That was quick
Chalk it up to the speed of light – or the speed of bits over the Internet. On Monday:
Opera News, 76 years old and one of the leading classical music magazines in the country, said on Monday that it would stop reviewing the Metropolitan Opera, a policy prompted by the Met’s dissatisfaction over negative critiques.
The Metropolitan Opera learned on Tuesday that censoring the press, even your in-house press, does not lead to good publicity.
Just a few hours after it emerged that Opera News, which is produced by an affiliate of the Metropolitan Opera, would stop reviewing the Metropolitan Opera, the Met announced that no, actually, it was changing its mind and Opera News could keep running reviews. ..
“From their postings on the internet, it is abundantly clear that opera fans would miss reading reviews about the Met in Opera News. Ultimately, the Met is here to serve the opera-loving public and has changed its decision because of the passionate response of the fans,” the Met wrote in a statement. Bravo!
In ye olden tymes (say, pre-1995), this is a story that people in New York and other coastal enclaves would have learned about the day after from reading the New York Times, and a few of the rest of us might have learned about days later had our local paper picked the story up from the wires. Those upset about it would have written letters (either by hand or on their typewriters) to the Met in protest, which would have dribbled in over a period of a week or so via the USPS.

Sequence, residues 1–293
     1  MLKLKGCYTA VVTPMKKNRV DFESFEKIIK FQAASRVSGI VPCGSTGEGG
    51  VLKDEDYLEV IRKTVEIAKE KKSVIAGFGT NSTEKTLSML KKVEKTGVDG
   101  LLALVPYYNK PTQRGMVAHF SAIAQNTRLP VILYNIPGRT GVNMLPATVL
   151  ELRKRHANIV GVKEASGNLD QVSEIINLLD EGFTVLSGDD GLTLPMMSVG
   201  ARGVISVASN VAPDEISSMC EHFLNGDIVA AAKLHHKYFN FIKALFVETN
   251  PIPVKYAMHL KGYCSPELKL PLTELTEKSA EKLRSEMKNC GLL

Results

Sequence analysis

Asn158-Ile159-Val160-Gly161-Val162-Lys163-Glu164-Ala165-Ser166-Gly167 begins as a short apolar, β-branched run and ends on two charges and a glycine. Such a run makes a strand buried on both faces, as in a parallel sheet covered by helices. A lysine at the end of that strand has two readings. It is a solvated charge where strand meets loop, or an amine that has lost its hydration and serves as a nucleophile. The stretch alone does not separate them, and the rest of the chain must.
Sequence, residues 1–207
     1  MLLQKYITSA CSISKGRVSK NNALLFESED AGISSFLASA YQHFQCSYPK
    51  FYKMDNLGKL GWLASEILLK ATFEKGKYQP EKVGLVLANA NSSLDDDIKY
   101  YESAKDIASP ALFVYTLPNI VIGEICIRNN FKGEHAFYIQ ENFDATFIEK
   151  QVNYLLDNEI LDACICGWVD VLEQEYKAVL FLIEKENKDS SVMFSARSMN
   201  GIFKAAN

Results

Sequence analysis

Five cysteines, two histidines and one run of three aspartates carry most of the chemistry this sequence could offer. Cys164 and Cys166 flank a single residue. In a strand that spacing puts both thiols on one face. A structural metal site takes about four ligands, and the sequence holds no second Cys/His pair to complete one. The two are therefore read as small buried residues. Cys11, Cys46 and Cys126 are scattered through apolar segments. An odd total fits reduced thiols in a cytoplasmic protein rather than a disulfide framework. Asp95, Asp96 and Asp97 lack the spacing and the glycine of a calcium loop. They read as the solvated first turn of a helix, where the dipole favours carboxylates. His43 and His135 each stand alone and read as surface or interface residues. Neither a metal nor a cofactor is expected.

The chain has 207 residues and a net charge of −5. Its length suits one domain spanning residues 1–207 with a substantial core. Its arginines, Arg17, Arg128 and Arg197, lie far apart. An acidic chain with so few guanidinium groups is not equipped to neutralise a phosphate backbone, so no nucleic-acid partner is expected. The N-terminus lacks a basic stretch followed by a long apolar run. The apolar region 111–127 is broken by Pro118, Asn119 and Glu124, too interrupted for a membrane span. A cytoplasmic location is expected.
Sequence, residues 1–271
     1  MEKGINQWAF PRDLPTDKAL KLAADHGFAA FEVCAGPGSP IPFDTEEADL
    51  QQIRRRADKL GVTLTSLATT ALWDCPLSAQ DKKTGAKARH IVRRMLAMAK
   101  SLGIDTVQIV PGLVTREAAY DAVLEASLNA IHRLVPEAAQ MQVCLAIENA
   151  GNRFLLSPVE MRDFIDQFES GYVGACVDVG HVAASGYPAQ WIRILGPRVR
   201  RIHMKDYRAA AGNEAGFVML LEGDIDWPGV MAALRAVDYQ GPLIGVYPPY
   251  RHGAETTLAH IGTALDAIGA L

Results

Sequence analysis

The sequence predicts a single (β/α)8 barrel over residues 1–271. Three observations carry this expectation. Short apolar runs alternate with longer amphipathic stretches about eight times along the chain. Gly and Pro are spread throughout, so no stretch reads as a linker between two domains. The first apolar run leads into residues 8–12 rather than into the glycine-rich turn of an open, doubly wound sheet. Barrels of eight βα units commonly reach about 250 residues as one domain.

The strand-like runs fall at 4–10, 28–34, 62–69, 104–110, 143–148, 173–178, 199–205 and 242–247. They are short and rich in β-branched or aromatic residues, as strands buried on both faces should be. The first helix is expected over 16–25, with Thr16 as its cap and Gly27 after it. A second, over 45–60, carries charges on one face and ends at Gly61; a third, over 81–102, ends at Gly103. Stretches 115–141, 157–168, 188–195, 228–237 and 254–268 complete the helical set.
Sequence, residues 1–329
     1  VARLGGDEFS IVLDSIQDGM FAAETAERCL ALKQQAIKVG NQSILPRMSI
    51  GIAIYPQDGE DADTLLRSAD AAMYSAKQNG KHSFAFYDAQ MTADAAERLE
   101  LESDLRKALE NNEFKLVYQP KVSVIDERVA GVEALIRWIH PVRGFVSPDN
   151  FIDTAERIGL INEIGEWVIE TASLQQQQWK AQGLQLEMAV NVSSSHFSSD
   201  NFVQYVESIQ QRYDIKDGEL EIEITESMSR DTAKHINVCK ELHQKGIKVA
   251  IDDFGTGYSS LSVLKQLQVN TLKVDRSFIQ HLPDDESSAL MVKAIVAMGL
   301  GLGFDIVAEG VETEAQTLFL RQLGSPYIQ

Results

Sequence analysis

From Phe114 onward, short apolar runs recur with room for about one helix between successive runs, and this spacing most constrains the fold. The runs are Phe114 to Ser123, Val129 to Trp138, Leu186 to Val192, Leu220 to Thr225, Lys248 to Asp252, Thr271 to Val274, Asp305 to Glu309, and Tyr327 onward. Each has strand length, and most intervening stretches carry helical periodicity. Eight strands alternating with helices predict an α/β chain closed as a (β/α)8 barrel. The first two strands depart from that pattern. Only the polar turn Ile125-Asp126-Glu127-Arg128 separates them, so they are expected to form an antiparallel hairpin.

But in the 21st century, within hours of unpopular decision being announced, a tsunami of emails and online commentary simply overwhelms the ability of the decision-maker in question to deal with anything else until the decision is made to go away. The irony, of course, is that the Met is one of the most tech-savvy arts institutions in the western world – and still didn’t see this coming.
We had a similar example of the new accelerated speed of controversy a couple of years ago when a member of an audition committee posted a rather negative comment to Facebook – from the audition – about his/her perception of the quality of auditionees at that days’ screened auditions. Of course the local critics were FB friends of the poster, and our PR department was fielding inquiries within an hour or so of the posting, which meant that the management and union were dealing with it not very long afterwards.
Fortunately the situation was resolved with no damage or negative PR and nothing similar has happened since. But it was an education in how problems that used to emerge as a black cloud no bigger than a hand on the horizon can now arrive – like ICBMs – with no advance warning at all before leaving large craters in an institution’s reputation.